Renewable energy investment to reach $35 billion
The Gulf Cooperation Council states, which have huge proven crude oil reserves, have set out on an altruistic journey to develop renewable energy sources to better serve the planet.
After the COP21 conference held in Paris in 2015, the nations have been rolling out strategies to fight climate change and reduce their carbon footprint.
They sent large delegations to COP22 at Marrakesh last year and have made pledges to increase green investments in their countries.
According to IRENA, the region is set to attract $35 billion worth of renewable energy investments every year by 2020.
Multinational conglomerate Siemens revealed in December that the Middle East will add 66 per cent power generation capacity by 2030 and the share of renewables in the region’s energy mix is set to increase significantly.
The UAE has pledged to increase clean energy’s share of the national energy mix from 0.2 per cent in 2014 to 24 per cent by 2021.
Dubai has launched a $27.2bn Dubai Clean Energy Strategy 2050, which aims to provide seven per cent of the emirate’s energy from sustainable sources by 2020, raising that to 25 per cent by 2030 and 75 per cent by 2050.
The emirate has also launched the Mohammed bin Rashid Al Maktoum Solar Park, which is billed as the largest single-site solar energy project in the world. The first phase of the proposed 1,000 MW park was completed in 2013 and the second phase is expected to be concluded in April 2017. The total capacity of the entire project is planned to reach 5,000 MW when it goes fully operational in 2030.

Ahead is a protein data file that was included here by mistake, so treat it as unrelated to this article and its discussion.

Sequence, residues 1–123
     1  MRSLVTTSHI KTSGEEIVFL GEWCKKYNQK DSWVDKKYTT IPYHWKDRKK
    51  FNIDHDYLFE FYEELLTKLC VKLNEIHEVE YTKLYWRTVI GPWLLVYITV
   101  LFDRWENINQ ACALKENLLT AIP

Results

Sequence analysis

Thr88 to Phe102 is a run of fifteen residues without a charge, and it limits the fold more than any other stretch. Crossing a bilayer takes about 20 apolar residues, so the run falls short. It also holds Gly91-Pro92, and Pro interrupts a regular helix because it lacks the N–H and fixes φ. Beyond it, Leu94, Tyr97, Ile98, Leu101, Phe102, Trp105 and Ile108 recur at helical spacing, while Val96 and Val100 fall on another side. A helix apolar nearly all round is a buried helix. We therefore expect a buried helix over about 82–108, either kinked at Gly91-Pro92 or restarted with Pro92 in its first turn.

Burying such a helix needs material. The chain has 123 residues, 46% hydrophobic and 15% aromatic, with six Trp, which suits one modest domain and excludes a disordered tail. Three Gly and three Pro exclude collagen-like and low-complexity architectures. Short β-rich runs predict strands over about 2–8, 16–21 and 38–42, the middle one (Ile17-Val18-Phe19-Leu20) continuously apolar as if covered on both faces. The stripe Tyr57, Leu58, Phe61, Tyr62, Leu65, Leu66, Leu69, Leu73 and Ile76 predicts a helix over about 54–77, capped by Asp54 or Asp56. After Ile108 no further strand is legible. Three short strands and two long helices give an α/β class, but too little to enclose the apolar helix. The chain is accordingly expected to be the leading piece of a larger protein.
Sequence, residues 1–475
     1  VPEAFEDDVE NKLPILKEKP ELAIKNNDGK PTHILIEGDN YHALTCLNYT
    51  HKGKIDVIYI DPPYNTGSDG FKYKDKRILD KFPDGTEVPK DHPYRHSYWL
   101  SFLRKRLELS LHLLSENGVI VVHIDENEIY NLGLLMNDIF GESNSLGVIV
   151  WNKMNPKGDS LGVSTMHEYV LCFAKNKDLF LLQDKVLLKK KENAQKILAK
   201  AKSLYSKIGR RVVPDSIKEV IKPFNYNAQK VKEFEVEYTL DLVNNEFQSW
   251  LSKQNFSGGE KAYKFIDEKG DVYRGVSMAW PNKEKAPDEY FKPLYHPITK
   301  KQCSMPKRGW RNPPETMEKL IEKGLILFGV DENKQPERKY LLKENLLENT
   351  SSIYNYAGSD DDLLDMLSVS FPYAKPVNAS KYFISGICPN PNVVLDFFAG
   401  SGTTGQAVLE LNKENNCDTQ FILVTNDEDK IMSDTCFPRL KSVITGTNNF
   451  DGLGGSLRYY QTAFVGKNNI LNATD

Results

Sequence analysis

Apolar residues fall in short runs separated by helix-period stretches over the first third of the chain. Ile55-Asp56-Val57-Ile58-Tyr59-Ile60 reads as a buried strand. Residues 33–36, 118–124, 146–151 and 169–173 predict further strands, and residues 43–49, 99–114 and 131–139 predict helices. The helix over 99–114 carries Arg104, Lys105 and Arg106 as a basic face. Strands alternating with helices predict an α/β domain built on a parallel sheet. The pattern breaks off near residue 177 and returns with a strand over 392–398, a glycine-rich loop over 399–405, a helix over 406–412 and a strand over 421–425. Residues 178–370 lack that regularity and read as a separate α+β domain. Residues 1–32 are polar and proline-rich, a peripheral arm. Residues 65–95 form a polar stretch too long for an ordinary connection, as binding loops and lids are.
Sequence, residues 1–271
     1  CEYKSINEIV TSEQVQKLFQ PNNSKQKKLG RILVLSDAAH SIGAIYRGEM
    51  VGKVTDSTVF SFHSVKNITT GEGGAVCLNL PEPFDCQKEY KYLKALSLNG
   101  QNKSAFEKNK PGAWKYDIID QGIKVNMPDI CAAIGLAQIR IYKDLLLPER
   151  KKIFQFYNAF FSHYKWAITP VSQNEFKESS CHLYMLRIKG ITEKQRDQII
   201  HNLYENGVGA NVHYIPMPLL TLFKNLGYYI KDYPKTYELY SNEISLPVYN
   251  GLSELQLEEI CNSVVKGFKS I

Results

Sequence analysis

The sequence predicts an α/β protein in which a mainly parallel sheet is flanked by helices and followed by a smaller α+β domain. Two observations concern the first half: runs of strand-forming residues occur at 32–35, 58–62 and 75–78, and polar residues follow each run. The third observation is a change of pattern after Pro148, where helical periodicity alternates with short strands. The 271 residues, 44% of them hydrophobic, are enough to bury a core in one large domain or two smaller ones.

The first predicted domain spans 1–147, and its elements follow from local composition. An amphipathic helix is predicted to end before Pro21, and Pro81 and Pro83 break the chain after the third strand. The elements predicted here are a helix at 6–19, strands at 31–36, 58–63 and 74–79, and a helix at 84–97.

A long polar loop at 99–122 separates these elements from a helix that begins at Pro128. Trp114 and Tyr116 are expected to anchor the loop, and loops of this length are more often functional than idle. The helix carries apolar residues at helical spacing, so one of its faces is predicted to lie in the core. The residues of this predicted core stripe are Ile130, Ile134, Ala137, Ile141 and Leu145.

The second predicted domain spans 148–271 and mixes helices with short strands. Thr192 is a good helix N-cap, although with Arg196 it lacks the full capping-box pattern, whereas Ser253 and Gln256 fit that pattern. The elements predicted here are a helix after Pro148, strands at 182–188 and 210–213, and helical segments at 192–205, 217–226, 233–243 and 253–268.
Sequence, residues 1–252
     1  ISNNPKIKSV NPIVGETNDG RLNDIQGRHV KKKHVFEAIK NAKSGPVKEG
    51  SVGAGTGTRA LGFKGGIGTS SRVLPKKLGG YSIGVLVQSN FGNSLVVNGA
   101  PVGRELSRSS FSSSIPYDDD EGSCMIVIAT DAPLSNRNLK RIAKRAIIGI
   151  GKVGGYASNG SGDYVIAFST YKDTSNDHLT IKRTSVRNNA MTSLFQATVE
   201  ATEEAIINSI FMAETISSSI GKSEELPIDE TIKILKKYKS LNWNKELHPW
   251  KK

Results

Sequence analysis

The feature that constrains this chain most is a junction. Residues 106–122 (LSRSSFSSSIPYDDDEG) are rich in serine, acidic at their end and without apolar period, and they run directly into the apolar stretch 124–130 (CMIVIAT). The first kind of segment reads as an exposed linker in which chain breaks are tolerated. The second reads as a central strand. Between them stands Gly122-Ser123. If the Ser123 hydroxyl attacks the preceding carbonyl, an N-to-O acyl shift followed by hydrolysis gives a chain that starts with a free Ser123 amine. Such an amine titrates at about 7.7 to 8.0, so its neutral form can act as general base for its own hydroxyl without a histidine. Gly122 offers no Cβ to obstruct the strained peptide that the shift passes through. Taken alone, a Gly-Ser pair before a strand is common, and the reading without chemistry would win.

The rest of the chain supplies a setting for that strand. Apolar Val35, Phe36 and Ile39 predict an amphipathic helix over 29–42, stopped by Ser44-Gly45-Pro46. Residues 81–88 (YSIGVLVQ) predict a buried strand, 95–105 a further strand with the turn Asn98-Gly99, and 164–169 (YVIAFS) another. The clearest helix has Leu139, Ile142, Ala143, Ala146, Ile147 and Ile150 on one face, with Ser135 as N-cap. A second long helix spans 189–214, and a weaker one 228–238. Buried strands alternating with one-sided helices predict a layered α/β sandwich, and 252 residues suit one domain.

Additionally, Dubai has plans to have solar panels on all rooftops in the emirate by 2030.
Furthermore, the country has also made progress in building a nuclear power plant to meet the growing energy demand. Construction of the first reactor unit in the Barakah plant has already been completed and is set to start partial operation in 2017.
When all four units completed in 2020, the plant is expected to provide nearly a quarter of the nation’s electricity needs and save up to 12 million tons of greenhouse gas emissions each year.
Similarly, other nations in the region have also launched initiatives in the clean energy sector.
Qatar has announced its plans to set up 1,800 MW solar power capacity by 2020 and to meet 20 per cent of its electricity needs from solar energy by 2030.
Saudi Arabia has announced its renewable energy plans in its ambitious Vision 2030, launched last year. The kingdom aims to deliver 9.5 GW of solar power by 2030. Late last year, Saudi Aramco and Siemens signed several agreements to collaborate in the fields of renewable energy, research and development, as well as digitalization in the oil and gas industry.
In addition to sustainable resources, the region has also deployed energy-saving infrastructure – from strict green building codes to world-class light rail and metro systems.